Differences in cell health and viability, DNA and mRNA copy number and GFP intensity were observed between each condition at both temperatures tested. The authors found that Lipofectamine® 2000 had the highest cell viability and growth post-transfection; however, the DNA and mRNA copy number were very low contributing to minimal EGFP expression.GFP fluorescence intensity revealed higher and more sustained expression levels following the transfection with the TransIT-PRO® Transfection Reagent; 7.8 and 2.8 times higher maximum fluorescence compared to Lipofectamine® 2000 and PEI methods, respectively.This was despite the drop in viability in cells transfected with TransIT-PRO® (~65% at day 3) and linear PEI (~60% at day 2) at 37°C implying better cell-specific productivity using the TransIT-PRO® transfection reagent. Differences in EGFP DNA and mRNA copy number were apparent at 37°C but the trends were more obvious at 32°C.

Can mild hypothermia enhance transient protein production yield?

Shifting to a lower temperature post-transfection, typically at 24 hours post-transfection, is frequently used to encourage protein production by maintaining a longer and more viable stationary phase.As stated by the authors, lower temperature is also believed to help stabilize and increase mRNA levels as well as subsequent translation and protein folding.Indeed, Sou et al. found that CHO-S cells transfected with TransIT-PRO® grew moderately and maintained viabilities of 60-70% throughout the 8 day incubation at 32°C; however, cells transfected with linear PEI were unable to recover from the temperature shift to 32°C resulting in 10% cell viability.Mild hypothermia also increased the sustenance of the EGFP DNA and mRNA copy number with the TransIT-PRO® Reagent.Interestingly, linear PEI yielded approximately 1/2 of the DNA copy number (compared to TransIT-PRO®) and very low mRNA levels 3 days post-transfection.Lipofectamine® 2000 had decreased levels of both EGFP DNA and mRNA.GFP expression levels at 32°C achieved higher peak fluorescence and productivity with the TransIT-PRO® reagent compared to both linear PEI and Lipofectamine® 2000.The higher specific productively achieved at 32°C combined with the increased DNA and mRNA copy numbers suggest that the mild hypothermia is effective for protein production in cells transfected with TransIT-PRO®.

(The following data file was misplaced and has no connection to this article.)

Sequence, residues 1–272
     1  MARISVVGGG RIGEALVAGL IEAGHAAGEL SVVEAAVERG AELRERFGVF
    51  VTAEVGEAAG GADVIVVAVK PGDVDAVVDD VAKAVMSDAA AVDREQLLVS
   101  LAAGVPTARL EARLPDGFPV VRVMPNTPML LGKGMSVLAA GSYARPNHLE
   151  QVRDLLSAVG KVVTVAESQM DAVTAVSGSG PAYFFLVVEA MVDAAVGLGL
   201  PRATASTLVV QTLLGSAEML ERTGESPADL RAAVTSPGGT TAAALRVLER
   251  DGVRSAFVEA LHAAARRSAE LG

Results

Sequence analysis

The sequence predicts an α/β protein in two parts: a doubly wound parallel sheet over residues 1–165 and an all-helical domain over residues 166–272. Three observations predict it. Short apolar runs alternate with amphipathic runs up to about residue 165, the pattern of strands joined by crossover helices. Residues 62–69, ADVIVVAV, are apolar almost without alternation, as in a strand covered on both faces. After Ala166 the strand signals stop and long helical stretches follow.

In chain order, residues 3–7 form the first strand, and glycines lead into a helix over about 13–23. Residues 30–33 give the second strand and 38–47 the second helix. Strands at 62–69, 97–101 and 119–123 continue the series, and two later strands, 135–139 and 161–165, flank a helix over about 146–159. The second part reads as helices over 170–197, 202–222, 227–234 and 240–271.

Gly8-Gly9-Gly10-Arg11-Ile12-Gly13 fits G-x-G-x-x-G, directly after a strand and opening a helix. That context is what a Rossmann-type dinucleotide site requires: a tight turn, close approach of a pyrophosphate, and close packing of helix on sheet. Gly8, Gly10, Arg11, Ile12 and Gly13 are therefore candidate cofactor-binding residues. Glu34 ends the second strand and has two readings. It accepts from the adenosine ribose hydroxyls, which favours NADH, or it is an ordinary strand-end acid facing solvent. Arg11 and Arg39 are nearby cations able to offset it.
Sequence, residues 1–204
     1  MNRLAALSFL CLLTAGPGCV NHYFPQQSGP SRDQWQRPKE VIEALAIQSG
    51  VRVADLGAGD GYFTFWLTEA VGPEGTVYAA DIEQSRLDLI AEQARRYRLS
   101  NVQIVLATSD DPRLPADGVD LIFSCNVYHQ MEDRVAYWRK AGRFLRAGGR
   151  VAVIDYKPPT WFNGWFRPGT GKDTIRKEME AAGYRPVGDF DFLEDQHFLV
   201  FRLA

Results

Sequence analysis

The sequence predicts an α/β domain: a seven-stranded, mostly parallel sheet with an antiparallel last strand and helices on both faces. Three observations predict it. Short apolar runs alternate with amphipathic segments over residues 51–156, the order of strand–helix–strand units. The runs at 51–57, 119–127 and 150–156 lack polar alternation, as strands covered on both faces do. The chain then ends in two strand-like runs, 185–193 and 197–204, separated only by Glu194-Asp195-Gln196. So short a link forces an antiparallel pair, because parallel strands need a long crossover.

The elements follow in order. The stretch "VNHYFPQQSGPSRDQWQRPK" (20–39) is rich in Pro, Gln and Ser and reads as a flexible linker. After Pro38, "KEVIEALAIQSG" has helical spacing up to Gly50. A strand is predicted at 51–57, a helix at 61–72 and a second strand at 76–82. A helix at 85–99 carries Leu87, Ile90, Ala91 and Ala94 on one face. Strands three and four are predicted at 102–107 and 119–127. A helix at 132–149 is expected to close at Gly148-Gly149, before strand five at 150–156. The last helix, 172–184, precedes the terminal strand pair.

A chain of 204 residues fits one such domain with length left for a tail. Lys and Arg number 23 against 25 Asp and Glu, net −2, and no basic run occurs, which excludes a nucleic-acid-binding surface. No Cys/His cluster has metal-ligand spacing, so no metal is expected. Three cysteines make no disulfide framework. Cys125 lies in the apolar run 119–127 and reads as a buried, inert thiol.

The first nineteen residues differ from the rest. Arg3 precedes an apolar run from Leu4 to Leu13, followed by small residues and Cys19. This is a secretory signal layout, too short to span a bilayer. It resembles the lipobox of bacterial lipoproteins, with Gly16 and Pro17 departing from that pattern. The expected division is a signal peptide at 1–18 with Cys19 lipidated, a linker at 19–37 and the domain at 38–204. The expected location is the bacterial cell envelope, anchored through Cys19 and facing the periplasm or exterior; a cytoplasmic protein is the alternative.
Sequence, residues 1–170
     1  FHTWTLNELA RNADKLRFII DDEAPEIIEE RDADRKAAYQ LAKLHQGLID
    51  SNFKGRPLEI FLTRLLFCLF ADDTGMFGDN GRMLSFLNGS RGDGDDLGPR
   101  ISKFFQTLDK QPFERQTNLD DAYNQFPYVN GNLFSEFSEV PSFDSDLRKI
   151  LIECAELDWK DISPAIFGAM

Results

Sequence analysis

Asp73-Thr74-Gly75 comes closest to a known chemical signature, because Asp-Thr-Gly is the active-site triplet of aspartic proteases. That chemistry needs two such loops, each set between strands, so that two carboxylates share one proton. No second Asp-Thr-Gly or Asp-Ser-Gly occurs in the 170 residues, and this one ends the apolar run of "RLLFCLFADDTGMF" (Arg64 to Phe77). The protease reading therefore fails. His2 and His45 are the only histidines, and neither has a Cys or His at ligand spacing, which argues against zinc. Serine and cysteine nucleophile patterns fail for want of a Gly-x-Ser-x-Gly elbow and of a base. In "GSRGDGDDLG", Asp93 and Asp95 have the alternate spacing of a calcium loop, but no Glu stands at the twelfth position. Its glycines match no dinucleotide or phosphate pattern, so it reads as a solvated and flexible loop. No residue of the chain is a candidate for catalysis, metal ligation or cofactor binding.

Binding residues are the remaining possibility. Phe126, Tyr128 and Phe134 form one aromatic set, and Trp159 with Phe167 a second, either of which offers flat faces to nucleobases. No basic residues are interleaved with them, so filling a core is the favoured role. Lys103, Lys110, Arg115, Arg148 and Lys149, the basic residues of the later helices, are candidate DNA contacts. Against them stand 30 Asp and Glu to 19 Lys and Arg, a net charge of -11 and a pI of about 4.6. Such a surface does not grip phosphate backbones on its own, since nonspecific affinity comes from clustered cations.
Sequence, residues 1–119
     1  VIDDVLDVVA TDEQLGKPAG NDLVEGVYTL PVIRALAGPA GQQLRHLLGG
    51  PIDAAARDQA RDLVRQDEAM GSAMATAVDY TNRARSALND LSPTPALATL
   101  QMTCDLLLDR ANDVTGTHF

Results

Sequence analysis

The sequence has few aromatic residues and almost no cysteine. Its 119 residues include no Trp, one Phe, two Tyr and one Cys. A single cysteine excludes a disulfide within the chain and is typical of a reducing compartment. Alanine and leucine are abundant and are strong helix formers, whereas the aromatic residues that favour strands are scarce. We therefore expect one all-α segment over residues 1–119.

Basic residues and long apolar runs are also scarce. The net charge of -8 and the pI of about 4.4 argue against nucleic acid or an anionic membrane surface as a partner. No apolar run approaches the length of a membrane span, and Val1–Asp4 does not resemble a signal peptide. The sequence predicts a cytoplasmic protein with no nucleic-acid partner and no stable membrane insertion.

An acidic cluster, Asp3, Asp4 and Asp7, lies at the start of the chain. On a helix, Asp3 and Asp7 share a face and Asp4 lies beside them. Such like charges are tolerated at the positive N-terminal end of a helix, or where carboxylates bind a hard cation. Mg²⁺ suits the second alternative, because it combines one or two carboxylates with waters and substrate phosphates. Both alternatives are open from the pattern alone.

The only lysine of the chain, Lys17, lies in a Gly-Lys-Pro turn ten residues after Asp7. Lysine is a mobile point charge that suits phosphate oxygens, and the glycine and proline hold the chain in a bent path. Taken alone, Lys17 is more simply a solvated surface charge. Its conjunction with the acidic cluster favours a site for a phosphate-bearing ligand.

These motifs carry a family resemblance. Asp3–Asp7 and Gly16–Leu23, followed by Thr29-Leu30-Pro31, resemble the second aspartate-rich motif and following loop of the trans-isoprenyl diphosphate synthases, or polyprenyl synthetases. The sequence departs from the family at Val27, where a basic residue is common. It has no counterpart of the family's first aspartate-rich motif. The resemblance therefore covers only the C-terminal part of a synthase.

This research demonstrates that TransIT-PRO® is an efficient and cost-effective transfection reagent for transient transfection of CHO-S cells.

View more information on large scale protein production.

Samples of the TransIT-PRO® Transfection Kit are available upon request.